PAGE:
Programmatic Buying: What Does It Mean For Marketing?

Posted by Rita Braby on Mon, Oct 10, 2016 @ 02:36 PM

programmatic buying marketing

Programmatic buying: the term might not mean that much to you. However, its rapid growth in the world of marketing and advertising marks a big change.

Ensuring ads reach the right audience has always been the bane of a marketers life. How do you know your ads are reaching the right people and your money is being spent in the right areas? Programmatic buying (and marketing) could be the answer.

The amount of ad spend dedicated to programmatic buying is increasing rapidly. In 2015, $14.88 billion worth of U.S. ads, 55% of digital display ads, were purchased programmatically. In total, 52% of all non-search digital ad transactions were programmatic.

What is it?

In essence, it is the process of buying digital ads without human interaction.

But going into a bit more detail, it is the algorithmic purchase and sale of advertising space in real time. During this process, software is used to automate the buying, placement, and optimisation of media inventory via a bidding system.

Ad Exchange explains that it can be seen as a subset of programmatic marketing, which uses “real-time systems, rules and algorithms to automate the delivery of data driven, targeted and relevant experiences to consumers as they interact with a brand’s many touch points.”

In the same way that retargeting works, programmatic marketing is used to reach specific audiences using consumer behaviour data, rather than throwing an ad blindly out into the web in the hope of reaching the right people.

programmatic buying marketing

What does it mean for marketing?

The key aspect of programmatic marketing is automation. Rather than trying to collect and analyze data from across multiple platforms and databases, programmatic marketing automates the process and simplifies it for marketers.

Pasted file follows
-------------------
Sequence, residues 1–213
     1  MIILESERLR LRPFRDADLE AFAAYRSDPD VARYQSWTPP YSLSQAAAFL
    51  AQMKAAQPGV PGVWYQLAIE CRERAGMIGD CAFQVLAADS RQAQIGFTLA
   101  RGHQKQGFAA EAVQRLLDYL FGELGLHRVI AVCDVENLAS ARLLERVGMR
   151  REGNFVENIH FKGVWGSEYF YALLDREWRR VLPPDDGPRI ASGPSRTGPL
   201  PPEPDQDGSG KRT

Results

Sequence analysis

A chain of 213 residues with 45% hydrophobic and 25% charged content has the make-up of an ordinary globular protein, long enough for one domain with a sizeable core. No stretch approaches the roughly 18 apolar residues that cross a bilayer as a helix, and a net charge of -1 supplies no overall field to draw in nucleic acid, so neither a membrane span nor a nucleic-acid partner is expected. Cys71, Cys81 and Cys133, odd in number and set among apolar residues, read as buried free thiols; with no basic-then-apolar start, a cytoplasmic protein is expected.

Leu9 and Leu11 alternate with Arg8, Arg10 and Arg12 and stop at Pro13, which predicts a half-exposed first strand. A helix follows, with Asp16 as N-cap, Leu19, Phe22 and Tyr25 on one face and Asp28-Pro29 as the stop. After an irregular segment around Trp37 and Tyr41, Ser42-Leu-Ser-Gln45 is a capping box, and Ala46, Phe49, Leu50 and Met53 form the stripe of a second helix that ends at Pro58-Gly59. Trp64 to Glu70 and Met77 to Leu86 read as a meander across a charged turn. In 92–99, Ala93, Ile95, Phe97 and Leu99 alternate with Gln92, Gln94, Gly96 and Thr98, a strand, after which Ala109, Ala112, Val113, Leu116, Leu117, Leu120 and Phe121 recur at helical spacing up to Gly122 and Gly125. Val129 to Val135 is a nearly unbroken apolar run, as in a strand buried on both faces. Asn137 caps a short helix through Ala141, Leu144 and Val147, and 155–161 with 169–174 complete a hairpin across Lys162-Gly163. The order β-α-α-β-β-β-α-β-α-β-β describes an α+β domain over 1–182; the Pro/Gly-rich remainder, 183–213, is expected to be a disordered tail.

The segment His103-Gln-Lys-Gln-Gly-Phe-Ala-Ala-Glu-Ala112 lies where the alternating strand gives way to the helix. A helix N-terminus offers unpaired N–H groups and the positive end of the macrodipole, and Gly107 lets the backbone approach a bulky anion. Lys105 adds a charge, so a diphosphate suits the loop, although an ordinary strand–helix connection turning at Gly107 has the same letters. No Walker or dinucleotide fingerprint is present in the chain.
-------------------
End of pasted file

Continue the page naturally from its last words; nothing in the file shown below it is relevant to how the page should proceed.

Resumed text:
In the ever-expanding world of digital advertising, the amount of inventory and audience fragmentation is overwhelming. Think about all the different kinds of interactions a single customer can have with a brand on different devices, media channels, and at a different time during the lifecycle of brand engagement. At every point, data is collected, but how do you piece it all together?

This is where programmatic buying comes in and helps to bring order to all the fragmentation.

Adage explains that it also allows ad buyers to “fan ads across the web and then, mid-campaign, evaluate what's working best - which geographies, times of day, audience segments, publishers - to narrow their target accordingly, so they're paying only for highly effective ads.”

This marks a big change from how traditional ad buying works, where normally the buyer is locked into a contract and must run a certain amount of ads with a publisher.

The downside

Everything has a downside right? There has been a lot of talk about the risk of fraud. The nature of the programmatic system means it is susceptible to URL masking.

URL masking is the process of listing a website in the ad exchanges as another website entirely, usually a more reputable one. This means that the buyer has no idea where their ads are actually running.

Despite this, the growth of programmatic buying is making a big impact on the world of digital marketing. Many are predicting that within a decade, 90% of the ad market could be controlled programmatically.

Do you think it will make advertising easier? Let us know your thoughts in the comments.



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Topics: Advertising Tips, The Big News

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